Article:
However, I am speaking to cannabis vaporists here. What we do know from this one is that PG and VG both are known to degrade into bad stuff when heated in an ecig cart. Greater voltages give more of these degradation products than the lesser voltages (as low as 3.3v, which as we know is a very low voltage regardless of the resistance), which produced these toxic byproducts in lesser amounts, but still nonetheless. Dual coils spread the heat across more surface area and so produce the aldehydes at a lesser rate than a single coil at the same voltage and resistance. As you know, VG/PG are the very solvents that soak your wick to prevent dry puffs from taking place, so dry puffs aren't relevant to this specific finding (I agree that they will likely be relevant for other findings though!). :peace:

    My overall point being that if you don't want any chance of consuming these irritants/probably carcinogens that are known to be created by thermal degradation of VG/PG in ecigs, then you are best off avoiding using VG/PG altogether. This is of course a viable option for cannabis vaporists, who can either use vapes designed for straight cannabis extracts without solvents, or just use distillates that are liquid without the use of solvents. It is up to all of you what you choose to do knowing all of this information of course! :)

    Of course, many will still use VG/PG for nicotine vaping instead of smoking cigarettes. On all accounts, including the study above, this will be a safer option :)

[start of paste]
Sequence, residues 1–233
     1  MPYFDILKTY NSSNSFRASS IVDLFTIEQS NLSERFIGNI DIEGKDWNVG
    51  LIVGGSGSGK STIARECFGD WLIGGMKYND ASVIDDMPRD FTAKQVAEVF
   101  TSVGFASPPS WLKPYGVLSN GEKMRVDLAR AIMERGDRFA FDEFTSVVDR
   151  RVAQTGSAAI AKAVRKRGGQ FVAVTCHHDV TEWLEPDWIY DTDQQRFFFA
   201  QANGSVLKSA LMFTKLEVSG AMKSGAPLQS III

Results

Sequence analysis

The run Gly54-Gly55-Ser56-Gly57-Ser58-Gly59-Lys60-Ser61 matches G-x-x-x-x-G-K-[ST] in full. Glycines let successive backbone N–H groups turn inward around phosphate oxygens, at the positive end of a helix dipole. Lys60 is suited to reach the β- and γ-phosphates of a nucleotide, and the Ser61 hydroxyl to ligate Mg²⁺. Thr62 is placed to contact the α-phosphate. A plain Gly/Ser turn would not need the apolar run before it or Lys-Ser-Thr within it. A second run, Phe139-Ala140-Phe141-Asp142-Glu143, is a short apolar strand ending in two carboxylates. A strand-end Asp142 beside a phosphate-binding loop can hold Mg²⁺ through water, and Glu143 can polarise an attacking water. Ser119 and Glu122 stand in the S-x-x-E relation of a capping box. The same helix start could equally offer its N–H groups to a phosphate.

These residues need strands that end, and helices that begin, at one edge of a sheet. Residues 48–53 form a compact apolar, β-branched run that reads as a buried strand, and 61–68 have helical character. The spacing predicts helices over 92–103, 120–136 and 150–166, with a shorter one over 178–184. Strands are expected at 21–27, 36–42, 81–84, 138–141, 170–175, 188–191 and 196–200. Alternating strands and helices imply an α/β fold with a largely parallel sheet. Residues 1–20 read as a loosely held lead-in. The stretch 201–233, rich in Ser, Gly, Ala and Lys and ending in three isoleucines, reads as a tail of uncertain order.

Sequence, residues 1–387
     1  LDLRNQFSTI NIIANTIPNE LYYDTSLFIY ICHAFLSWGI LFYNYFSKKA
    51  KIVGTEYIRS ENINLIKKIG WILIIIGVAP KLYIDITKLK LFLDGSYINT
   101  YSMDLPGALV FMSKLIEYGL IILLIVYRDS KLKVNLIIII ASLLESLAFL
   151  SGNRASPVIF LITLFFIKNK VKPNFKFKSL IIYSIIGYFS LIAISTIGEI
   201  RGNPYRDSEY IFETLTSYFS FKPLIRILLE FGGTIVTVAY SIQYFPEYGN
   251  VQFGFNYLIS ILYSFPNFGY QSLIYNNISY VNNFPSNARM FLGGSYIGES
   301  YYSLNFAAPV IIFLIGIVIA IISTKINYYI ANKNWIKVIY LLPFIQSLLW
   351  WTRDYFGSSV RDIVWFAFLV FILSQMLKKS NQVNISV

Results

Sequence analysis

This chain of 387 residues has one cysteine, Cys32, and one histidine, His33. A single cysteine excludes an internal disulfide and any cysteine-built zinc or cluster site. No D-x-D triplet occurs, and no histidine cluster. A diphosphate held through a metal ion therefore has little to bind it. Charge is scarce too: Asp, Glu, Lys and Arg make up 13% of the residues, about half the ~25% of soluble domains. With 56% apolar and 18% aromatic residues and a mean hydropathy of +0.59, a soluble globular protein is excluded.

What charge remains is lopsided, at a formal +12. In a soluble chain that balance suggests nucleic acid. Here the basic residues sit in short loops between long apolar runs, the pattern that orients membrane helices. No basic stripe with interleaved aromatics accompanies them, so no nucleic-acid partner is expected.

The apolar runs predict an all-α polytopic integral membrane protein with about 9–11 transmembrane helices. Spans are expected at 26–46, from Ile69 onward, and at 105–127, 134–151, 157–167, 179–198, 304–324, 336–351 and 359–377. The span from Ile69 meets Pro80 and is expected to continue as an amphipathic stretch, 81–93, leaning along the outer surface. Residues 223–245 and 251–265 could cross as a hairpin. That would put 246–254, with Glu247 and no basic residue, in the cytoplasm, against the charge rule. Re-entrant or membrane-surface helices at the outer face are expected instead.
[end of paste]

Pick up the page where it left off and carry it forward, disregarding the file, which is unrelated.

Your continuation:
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  5. OldOyler

    OldOyler Fire it again. I can still find the ground.

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    Good discussion!

    Even saw another thread on FC talking about how when you taste/smell rubber in concentrates, that is probably from a pre-harvest white powdery mildew treatment. Guess who had some in his very first bag 'o concentrates to try a while back?

    I am hoping for the day for pure flowers for all (not gonna use the "gee" word here, just sayin'), and give me a press to make rosin. (Don't misunderstand - I am currently a QWET hound, and my shatter is awesome, BUT...I can understand basic science! And now that I have read those awesome articles...)

    I guess I am saying I am moving more and more after this to thinking that rosin-pressed wax is the way to go. Entry rig prices seem similar (like at least a 1000mah VV battery pen, dual-coil wicks, and a globe or cannon can be had for under $50) for vaping, I have one currently in this category until xmas. The rosin press itself - that's where the $ gets nasty real, real quick.